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Professional setup, worth $100?

Discussion in 'Hardware, Setup & Repair [BG]' started by Robin UK, Sep 16, 2008.

  1. Robin UK

    Robin UK

    Feb 1, 2007
    I've just bought a new set of slightly higher gauge strings for my schack unique 4 basic, and was thinking of getting the bass setup by my local luthier (as in the best shop with a workship within 2 hours driving), becuase i'm not certain of the condition of the neck (might be going abit skewed), and i'm not very experienced with setting up basses. However i just phoned them up, and they quoted me £47 (in the UK, so i guess around $100). I was abit shocked by this. Is it alot? Should i just do some research or experiment with the bass myself? or am i just being a tight ass?
  2. RustyAxe


    Jul 8, 2008
    That would be an expensive setup in my area. Half of that would be the norm. But it depends on what needs to be done. For example, a good setup includes new strings (usually). The truss rod is tweaked to get proper relief, the neck might be shimmed (if bolt on) to get a better neck angle. The saddle(s) may be raised or lowered. The pickups raised or lowered. The frets need to be checked for level. And electronics may be checked out, too.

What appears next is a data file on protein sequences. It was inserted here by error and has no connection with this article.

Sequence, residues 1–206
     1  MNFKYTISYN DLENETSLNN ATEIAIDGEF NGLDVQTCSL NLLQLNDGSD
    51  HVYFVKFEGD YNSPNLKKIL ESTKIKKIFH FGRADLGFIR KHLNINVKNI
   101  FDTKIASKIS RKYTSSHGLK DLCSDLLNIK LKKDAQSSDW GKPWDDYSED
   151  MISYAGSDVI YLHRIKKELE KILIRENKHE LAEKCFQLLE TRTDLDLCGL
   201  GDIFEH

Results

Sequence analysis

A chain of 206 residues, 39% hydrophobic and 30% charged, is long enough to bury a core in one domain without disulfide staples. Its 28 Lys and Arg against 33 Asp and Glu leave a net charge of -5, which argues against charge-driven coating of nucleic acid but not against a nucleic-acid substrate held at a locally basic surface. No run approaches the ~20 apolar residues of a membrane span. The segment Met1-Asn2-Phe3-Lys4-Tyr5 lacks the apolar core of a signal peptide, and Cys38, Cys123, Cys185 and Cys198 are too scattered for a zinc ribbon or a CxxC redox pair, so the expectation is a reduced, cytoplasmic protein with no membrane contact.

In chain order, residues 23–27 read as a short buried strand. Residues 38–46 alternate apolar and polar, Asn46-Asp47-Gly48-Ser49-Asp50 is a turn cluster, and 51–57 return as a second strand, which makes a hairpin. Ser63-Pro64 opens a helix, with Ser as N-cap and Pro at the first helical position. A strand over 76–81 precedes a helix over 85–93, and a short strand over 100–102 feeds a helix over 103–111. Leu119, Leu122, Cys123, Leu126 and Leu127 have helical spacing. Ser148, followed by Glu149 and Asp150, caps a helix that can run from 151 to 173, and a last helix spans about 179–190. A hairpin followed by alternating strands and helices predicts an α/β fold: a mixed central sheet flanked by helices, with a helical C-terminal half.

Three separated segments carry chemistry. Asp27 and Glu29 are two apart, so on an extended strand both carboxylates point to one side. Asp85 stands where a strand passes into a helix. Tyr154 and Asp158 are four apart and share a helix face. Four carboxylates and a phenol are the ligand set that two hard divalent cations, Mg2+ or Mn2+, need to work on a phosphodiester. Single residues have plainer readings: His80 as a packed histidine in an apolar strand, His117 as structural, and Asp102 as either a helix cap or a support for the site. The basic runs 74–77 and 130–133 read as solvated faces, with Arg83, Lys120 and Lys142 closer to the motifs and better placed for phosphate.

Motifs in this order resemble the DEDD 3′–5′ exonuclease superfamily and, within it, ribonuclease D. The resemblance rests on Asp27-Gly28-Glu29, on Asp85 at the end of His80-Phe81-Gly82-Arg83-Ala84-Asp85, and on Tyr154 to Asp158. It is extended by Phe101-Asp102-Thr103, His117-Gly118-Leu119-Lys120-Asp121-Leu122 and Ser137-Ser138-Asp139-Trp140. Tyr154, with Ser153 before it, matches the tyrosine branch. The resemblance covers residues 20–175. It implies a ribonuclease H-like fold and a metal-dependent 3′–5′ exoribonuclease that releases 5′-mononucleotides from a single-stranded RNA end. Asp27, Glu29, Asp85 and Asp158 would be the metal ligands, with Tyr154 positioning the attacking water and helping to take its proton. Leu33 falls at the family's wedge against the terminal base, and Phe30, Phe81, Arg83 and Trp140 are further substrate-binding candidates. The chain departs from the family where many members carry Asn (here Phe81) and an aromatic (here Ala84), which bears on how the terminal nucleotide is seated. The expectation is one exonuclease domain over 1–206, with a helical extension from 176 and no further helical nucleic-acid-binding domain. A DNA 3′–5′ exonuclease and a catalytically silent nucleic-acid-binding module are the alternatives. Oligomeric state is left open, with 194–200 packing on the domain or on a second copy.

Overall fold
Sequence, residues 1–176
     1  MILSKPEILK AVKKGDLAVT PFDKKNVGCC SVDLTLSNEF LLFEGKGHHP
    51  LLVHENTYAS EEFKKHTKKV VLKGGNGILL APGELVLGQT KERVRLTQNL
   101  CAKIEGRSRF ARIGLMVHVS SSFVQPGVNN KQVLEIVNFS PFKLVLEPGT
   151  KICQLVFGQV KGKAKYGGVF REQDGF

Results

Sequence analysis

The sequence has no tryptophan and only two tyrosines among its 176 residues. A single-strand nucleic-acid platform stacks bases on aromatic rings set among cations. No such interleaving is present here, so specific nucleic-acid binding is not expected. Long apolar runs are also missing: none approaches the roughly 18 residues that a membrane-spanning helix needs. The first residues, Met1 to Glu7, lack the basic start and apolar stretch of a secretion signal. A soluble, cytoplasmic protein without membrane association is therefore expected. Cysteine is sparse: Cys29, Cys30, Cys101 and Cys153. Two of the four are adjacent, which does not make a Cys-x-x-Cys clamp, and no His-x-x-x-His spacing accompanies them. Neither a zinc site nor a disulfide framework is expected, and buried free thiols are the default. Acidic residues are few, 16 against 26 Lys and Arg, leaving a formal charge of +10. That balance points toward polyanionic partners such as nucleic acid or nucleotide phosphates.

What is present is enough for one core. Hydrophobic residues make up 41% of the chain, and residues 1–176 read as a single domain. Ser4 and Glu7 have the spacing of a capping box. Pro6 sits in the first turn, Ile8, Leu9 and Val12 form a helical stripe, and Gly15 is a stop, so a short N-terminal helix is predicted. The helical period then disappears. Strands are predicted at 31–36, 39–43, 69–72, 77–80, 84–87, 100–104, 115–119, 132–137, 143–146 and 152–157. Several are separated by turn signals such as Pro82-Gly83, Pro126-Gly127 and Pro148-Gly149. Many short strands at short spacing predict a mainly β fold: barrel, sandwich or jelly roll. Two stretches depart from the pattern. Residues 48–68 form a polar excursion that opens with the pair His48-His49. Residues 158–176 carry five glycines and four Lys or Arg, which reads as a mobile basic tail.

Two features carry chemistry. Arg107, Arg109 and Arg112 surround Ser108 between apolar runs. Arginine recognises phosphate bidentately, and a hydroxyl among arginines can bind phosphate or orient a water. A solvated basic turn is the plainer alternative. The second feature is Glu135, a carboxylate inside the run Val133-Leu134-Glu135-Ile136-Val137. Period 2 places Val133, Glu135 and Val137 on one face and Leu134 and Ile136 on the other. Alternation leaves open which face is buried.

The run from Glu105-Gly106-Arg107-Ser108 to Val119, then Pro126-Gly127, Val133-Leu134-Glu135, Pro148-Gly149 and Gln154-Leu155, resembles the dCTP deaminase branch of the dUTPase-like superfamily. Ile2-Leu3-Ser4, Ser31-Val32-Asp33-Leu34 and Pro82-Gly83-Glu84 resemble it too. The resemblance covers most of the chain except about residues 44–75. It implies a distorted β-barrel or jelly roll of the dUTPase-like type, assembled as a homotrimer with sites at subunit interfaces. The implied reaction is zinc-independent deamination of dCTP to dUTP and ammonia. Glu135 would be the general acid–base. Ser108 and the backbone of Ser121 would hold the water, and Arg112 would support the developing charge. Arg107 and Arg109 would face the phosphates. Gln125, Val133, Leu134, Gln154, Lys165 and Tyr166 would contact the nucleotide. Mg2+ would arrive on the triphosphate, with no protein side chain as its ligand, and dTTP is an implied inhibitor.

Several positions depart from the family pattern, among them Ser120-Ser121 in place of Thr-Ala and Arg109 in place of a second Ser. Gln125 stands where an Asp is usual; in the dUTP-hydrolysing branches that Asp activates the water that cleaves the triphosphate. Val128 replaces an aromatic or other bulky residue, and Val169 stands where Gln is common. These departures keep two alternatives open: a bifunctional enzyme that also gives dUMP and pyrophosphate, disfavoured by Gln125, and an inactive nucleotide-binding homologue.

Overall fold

I had all that (except new strings) done to my acoustic/electric Thunderchief bass, by a well known local luthier, and it cost me $46 USD.
  3. in short, no
  4. greencow


    Feb 7, 2008
    Not where I live.
  5. JaneBass1


    Jul 23, 2008
    $100 for a setup...depends on what they do

    Usually for what I had paid is:
    - $10 to $20, to check the neck relief, string height, intonation, pickup height, clean bass surface
    - $40 to mess up with the nut